Category: Infection
Estimated Date: 1880
Name: Lister Spray
Manufacturer: Arnold and Sons

Description: 7“x6.5“d brass boiler with weighted valves on top. There is a shield embossed on the tank Arnold and Sons, 35 West Smithfield, London. There is also a screw to fill the tank and two 6” valves with handles to turn on and off and spray jets at end as well as a connector on each to a rubber tube which sits in a 8“x3.5” pontilled jar that would hold the carbolic acid. The whole unit sits on a wooden base with a burner mounted between base and tank. This is an extremely well made example of this device with a heavy wooden base, handle and well made cannister for the steam with fine jects and valves. Most of the devices were not as elaborate or well made.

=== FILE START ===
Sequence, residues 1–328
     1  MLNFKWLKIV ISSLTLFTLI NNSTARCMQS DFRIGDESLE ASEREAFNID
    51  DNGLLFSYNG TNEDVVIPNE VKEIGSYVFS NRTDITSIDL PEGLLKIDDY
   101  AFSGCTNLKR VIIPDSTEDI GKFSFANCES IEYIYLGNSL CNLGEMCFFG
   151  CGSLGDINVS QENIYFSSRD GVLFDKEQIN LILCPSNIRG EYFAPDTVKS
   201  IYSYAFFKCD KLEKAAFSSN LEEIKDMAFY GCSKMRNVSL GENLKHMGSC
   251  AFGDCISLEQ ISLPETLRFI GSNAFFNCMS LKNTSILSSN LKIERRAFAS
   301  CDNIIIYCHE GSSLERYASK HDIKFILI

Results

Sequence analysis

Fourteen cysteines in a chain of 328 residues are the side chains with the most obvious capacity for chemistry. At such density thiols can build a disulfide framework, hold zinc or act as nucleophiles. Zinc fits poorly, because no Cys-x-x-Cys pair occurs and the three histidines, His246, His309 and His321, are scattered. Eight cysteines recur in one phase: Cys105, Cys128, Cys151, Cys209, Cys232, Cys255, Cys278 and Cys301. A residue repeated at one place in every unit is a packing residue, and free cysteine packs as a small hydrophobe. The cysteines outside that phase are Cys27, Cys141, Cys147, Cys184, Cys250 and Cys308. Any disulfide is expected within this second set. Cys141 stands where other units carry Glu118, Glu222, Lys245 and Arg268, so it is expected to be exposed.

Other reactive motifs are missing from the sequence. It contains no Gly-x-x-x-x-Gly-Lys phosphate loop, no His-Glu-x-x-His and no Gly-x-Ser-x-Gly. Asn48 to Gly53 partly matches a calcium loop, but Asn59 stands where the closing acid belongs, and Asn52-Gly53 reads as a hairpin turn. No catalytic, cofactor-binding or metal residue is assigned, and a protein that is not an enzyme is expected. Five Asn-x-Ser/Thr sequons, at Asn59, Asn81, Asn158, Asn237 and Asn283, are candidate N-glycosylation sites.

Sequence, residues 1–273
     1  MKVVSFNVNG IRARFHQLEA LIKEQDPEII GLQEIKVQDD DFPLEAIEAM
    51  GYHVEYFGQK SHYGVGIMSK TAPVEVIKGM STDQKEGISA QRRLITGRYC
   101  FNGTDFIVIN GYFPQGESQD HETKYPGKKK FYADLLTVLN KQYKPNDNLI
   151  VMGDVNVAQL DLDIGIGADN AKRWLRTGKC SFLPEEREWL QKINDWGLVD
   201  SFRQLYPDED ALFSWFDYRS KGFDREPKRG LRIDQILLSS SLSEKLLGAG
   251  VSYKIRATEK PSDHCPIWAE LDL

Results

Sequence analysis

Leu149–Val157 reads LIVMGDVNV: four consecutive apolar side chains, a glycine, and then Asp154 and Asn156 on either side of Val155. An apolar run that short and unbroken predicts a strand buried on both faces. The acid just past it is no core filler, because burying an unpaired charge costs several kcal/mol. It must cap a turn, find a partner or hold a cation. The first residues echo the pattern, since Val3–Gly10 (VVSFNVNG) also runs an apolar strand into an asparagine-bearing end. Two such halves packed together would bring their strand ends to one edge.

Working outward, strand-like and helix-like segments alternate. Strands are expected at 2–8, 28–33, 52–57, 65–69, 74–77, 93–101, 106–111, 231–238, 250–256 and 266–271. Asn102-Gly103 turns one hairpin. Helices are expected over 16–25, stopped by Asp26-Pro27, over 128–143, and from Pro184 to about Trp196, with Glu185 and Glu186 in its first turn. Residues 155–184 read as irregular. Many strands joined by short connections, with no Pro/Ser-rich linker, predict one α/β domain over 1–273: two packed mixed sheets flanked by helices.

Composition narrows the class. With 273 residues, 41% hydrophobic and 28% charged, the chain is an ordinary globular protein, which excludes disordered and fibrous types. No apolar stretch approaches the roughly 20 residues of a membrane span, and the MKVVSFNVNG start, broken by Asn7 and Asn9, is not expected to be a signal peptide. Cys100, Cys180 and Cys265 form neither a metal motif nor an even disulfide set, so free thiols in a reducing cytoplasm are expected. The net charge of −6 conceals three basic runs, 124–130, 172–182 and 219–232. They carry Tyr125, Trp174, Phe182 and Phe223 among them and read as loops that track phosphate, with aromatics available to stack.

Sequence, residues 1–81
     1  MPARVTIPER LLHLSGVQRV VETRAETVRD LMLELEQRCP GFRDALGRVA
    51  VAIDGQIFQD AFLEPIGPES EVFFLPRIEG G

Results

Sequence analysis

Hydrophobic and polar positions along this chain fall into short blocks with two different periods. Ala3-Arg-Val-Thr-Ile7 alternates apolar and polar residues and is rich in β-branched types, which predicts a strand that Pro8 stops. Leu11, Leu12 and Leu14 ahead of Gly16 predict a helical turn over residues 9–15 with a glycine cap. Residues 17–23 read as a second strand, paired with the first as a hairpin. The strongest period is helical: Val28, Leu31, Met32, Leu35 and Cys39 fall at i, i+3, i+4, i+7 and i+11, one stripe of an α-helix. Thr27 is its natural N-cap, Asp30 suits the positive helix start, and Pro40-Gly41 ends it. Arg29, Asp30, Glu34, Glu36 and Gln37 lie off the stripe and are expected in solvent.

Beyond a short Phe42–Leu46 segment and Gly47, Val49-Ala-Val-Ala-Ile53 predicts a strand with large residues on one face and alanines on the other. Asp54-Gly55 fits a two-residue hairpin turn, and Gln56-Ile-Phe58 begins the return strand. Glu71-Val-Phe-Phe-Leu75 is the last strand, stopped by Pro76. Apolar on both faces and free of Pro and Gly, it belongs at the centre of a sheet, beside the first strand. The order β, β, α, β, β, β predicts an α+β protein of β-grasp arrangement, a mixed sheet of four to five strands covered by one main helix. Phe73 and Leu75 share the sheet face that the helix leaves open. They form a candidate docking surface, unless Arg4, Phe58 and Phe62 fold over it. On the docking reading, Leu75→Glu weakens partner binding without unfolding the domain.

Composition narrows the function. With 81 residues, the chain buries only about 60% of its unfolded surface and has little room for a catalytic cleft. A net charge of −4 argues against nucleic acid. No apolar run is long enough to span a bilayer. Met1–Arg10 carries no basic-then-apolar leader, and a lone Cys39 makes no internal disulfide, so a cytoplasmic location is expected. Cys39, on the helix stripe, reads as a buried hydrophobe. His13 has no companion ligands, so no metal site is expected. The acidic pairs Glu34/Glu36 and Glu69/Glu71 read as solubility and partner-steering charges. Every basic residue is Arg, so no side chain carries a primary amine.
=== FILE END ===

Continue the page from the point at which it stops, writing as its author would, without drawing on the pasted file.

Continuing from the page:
The man credited with the concept of asepsis of wounds is Joseph Lister, a London physician born in 1827. He moved several times as he advanced in the medical establishment and while working on suppuration and gangrene he came to the conclusion that infection resulted from contamination of the wound. In 1865 he used a solution of carbolic acid to help treat a compound fracture while working at an infirmary in Glasgow. Iniitially the wound was swabbed with a sponge soaked in carbolic acid solution and most of the objects that might come in contact with the wound were treated similarly. His method was first published in the Lancet in 1867 when he had studied sufficient patients to support his theory. Like most great discoveries the concept of asepsis was at first rejected by many in the medical establishment. The carbolic spray was introduced by Lister in 1870 to purify the atmosphere during surgery in an effort to achieve a totally germ free environment. The spray itself is a highly irritating solution and soon gave way to other and better methods of achieving asepsis.

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